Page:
Sriwijaya Air crash: Indonesia locates black boxes in Java Sea | News | DW | 10.01.2021

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Sriwijaya Air crash: Indonesia locates black boxes in Java Sea

Flight SJ182 disappeared from radars shortly after takeoff from Jakarta with 62 people on board. Rescuers have found the flight recorders and have pulled other wreckage and body parts from the crash site.

Watch video 42:36

Boeing - Deadly Assumptions

Indonesian authorities on Sunday said they have located the black box recorders from a passenger plane that crashed into the Java Sea a day earlier.

"Hopefully, we can retrieve them soon," said military chief Hadi Tjahjanto, without giving an estimated timeframe.

The Sriwijaya Air Boeing 737-500 lost contact shortly after takeoff on Saturday from Jakarta with 62 people on board.

It was heading for Pontianak in West Kalimantan, a journey that takes about 90 minutes.

Earlier Sunday, a military vessel found the signal from the plane and a diver team recovered parts of the wreckage from around 23 meters (75 feet) below the water's surface.

Rescuers have also retrieved body parts, items of clothing, and scraps of metal from the sea between Lancang Island and Laki Island, an archipelago around Thousand Islands north of Jakarta's coast.

"Hopefully, until this afternoon the current conditions and the view under the sea are still good so that we can continue the search," Tjahjanto added.

Believed to be a piece of the wreckage of the crashed plane

Another likely piece of the wreckage of the crashed Sriwijaya Air jet is inspected by Indonesian navy personnel

What happened to flight SJ182:

  • The plane took off from Jakarta's Soekarno-Hatta Airport at about 2:36 p.m. (07:36 UTC) Saturday.
  • The flight was bound for the city of Pontianak, northwest of Jakarta.
  • There were 62 people on board, including 10 children.
  • The flight last made contact around 2:40 p.m.
  • The plane lost more than 3,000 meters (10,000 feet) of altitude in less than a minute, according to FlightRadar24.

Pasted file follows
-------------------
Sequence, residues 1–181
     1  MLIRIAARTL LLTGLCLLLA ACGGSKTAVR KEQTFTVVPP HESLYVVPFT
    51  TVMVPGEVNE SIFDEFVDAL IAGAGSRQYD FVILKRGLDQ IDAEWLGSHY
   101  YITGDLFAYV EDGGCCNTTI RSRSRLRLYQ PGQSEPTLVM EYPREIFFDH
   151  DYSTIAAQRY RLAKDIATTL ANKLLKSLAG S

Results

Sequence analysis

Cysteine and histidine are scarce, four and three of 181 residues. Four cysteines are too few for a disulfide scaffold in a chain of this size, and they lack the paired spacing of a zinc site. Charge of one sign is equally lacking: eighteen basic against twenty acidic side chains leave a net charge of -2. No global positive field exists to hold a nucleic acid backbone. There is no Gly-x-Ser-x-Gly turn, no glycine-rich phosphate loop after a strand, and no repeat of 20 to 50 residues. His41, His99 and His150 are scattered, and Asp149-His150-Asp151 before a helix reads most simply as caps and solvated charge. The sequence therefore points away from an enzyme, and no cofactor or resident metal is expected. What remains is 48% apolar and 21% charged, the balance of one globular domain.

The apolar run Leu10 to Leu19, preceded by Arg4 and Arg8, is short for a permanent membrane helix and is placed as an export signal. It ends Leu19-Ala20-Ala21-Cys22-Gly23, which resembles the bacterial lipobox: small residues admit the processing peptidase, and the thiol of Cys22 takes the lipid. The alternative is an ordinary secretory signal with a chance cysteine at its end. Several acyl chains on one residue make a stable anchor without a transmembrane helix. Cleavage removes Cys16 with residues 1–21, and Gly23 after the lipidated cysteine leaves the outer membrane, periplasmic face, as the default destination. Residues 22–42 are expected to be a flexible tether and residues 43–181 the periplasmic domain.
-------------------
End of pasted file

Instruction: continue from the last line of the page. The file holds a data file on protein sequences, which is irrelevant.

• A sea and air search effort was launched, including 11 navy ships, two helicopters and 300 personnel.
  • The plane model was an older Boeing 737-500.
    The Sriwijaya Air flight path as provided by the FlightRadar24

    The plane was heading northwest towards the city of Pontianak when it started losing altitude

A 'tragedy'

"I represent the government and all Indonesians in expressing my deep condolences for this tragedy," President Joko Widodo said.

"We are doing our best to save the victims. We pray together so that the victims can be found," he said.

"Our thoughts are with the crew, passengers, and their families. We are in contact with our airline customer and stand ready to support them during this difficult time," Boeing said in a statement.

People listen to a man speaking in a microphone at a crisis center

Relatives of those on the two flights gathered at two crisis centers

Crisis center for relatives

Authorities established two crisis centers, including one at the airport. Families gathered to wait for news of loved ones.

Indonesian TV footage showed relatives and friends of those aboard the plane weeping, praying and hugging each other.

Why did the plane crash?

Sriwijaya Air has said it was investigating the tragedy.

Sriwijaya Air President Director Jefferson Irwin Jauwena told a news conference that: "[The] maintenance report said everything went well and airworthy,"

He added that the plane had previously flown to Pontianak and Pangkal Pinang city on the same day.

He said a delay in the plane taking off was due to bad weather.

Journalist Kresna Astraatmadja spoke to DW from Jakarta, explaining that the airline did not have a poor reputation before the crash.

But he also pointed out that the aircraft in question was old and had already made four journeys since the early morning.

Boeing has been plagued with problems ever since manufacturing the infamous 737 Max model that was involved in two deadly crashes in less than a year.

The plane that crashed on Saturday was nearly 27-years-old and did not use the new, problematic MCAS systems built into the current-generation 737 Max planes.

kmm/mm (Reuters, dpa, AP)

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